3 Reasons You Should Panic Right Now...And 2 Reasons You Shouldn't
The Dow Jones Industrial Average briefly lost as much as 1,000 points in early trading on Monday as fear has taken hold on Wall Street. Are the huge declines that started at the end of last week and carried over into this week the beginning of a bear market or are they simply a long-overdue bull market pullback?
Here are three reasons to panic and two reasons not to.
Reasons To Panic
The news of the decision to devalue its currency was compounded by weak manufacturing numbers on Friday. The world depends on China, the globe’s second-largest economy, to provide demand for goods and commodities such as iron, copper and oil.
2. Broken technicals
Key technical support levels were broken on the Nasdaq, the Dow and the S&P 500 in the past two trading days. The breakdown has technical analysts scrambling to predict where the major averages will find support now.
3. All-time highs
The S&P 500’s Monday swoon to as low as 1867 in early trading is about 12.5 percent off its highs of around 2135 in July. However, a look at a long-term chart of the index provides a chilling reminder of just how high stock prices are.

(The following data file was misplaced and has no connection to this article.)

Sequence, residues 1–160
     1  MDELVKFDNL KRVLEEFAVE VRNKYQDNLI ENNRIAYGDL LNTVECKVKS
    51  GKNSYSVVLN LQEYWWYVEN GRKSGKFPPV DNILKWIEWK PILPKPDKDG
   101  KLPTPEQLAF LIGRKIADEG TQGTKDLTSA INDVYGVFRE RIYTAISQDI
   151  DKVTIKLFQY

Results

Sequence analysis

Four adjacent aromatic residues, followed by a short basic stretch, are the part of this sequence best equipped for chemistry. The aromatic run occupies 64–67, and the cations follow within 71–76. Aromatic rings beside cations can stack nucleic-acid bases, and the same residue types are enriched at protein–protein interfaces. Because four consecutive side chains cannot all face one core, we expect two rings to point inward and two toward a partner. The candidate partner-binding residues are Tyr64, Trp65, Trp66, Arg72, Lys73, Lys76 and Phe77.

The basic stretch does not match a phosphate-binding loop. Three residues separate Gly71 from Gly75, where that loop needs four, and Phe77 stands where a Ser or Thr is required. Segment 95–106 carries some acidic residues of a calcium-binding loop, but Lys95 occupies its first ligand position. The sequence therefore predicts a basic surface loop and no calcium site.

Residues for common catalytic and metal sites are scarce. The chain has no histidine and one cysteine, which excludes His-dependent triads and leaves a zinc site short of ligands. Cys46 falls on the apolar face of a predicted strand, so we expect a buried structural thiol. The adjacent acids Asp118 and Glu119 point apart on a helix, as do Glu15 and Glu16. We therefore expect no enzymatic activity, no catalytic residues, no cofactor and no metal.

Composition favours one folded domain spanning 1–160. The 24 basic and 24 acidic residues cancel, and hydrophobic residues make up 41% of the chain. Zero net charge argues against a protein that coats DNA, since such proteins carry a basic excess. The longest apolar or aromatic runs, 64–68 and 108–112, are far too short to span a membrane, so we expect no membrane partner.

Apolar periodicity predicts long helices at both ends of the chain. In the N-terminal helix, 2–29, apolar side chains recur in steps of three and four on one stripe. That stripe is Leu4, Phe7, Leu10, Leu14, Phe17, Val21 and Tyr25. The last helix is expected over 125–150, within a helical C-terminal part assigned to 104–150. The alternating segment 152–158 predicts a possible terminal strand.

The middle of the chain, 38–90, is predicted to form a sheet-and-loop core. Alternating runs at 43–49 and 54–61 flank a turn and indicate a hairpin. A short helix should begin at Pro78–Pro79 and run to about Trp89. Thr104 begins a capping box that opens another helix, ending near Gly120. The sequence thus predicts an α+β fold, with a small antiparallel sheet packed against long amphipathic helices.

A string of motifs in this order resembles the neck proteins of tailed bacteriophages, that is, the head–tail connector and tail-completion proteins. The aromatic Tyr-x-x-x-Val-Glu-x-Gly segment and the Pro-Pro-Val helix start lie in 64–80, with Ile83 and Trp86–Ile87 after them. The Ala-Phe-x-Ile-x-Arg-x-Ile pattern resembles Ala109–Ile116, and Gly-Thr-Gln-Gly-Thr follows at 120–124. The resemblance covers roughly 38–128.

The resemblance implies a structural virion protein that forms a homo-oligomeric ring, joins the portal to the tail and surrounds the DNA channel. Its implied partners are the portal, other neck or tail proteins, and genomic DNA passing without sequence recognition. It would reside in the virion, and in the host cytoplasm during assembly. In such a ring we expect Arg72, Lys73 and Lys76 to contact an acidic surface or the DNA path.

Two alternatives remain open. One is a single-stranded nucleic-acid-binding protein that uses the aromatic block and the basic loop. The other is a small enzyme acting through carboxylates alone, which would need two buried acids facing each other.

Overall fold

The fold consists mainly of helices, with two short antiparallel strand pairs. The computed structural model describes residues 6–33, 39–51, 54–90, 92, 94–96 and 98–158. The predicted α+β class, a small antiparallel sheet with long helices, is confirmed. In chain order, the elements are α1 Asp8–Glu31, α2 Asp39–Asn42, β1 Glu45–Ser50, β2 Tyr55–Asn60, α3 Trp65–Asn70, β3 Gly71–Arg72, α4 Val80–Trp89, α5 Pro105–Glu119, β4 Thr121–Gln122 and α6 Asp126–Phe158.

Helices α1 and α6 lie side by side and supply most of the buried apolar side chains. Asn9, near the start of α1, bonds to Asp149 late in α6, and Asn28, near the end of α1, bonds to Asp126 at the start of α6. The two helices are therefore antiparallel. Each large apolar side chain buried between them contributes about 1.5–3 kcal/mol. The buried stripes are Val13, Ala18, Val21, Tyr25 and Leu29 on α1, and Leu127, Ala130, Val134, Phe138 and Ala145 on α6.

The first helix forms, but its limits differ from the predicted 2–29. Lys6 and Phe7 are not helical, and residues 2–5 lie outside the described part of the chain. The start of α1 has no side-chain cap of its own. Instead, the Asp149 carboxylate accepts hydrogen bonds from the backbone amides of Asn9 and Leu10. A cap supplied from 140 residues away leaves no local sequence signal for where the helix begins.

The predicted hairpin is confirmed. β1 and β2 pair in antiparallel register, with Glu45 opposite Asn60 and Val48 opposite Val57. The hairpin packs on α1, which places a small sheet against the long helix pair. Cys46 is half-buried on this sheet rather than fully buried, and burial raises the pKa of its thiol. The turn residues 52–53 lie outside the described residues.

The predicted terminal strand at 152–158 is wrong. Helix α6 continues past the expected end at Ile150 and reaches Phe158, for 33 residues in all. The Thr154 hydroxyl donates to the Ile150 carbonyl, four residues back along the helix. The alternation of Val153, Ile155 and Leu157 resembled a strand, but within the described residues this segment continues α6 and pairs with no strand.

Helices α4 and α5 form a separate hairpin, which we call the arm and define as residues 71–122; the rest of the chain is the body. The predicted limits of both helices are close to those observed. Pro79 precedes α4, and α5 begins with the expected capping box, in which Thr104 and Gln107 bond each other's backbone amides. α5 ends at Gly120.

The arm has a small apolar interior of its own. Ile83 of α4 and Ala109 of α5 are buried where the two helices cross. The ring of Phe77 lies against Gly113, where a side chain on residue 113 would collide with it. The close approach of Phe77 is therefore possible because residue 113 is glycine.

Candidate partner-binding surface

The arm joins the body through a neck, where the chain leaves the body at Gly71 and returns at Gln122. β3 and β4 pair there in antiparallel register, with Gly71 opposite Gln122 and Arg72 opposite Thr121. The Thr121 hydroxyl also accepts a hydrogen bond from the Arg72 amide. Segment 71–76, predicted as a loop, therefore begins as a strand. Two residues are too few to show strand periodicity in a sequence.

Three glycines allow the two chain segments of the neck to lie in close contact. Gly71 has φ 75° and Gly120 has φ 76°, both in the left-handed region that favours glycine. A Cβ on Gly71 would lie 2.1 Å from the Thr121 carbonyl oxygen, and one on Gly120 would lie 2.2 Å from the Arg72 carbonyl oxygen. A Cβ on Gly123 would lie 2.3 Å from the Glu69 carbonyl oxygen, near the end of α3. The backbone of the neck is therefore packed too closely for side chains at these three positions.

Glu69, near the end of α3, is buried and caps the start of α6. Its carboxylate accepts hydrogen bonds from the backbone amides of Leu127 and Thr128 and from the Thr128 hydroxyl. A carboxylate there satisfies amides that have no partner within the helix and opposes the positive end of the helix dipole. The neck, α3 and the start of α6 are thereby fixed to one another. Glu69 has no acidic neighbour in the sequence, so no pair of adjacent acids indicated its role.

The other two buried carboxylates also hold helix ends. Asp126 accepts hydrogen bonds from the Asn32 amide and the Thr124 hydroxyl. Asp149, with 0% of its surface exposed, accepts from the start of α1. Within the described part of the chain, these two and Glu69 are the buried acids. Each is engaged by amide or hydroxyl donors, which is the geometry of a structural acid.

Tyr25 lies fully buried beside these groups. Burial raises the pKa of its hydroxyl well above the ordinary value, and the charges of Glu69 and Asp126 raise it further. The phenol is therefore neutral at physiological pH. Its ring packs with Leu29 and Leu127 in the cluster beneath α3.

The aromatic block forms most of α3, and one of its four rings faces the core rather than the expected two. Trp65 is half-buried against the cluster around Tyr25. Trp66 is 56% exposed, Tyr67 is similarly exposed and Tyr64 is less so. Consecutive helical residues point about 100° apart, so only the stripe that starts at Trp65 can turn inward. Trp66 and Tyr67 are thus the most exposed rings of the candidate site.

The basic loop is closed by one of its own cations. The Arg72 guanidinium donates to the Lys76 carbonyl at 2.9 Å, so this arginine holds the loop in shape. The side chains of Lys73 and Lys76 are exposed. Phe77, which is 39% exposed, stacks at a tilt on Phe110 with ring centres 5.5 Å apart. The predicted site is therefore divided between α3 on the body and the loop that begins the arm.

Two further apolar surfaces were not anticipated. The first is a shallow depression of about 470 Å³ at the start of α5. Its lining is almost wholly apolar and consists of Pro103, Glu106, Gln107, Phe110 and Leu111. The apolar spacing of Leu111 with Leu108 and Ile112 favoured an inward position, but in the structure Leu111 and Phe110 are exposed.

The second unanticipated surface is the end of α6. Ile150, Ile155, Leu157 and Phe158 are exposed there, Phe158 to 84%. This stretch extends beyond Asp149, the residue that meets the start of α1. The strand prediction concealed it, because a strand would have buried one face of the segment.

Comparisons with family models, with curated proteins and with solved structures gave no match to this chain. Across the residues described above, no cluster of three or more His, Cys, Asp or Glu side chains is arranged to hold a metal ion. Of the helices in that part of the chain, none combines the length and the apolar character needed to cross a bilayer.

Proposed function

It’s difficult to be too confident that 1900 is a buying opportunity for the S&P 500 when you remember that it was trading well below 1000 less than seven years ago.
Reasons Not To Panic
1. Sell-offs are normal in a bull market
The S&P 500 hasn’t had a major correction in this bull market in a surprisingly long time. However, historically, large corrections are very common in the stock market, and it’s not necessarily a bad thing for long-term returns.
Since 1980, the S&P 500 has averaged intra-year declines of 14.2 percent.
2. U.S. economy remains solid
For now at least, the U.S. economy remains strong enough for the Federal Reserve to consider hiking interest rates as soon as September, although the weakness in China may have placed those plans on hold for the time being. U.S. GDP grew at a 2.3 percent clip in Q2, and unemployment now sits at only 5.5 percent, its lowest level since May of 2008.
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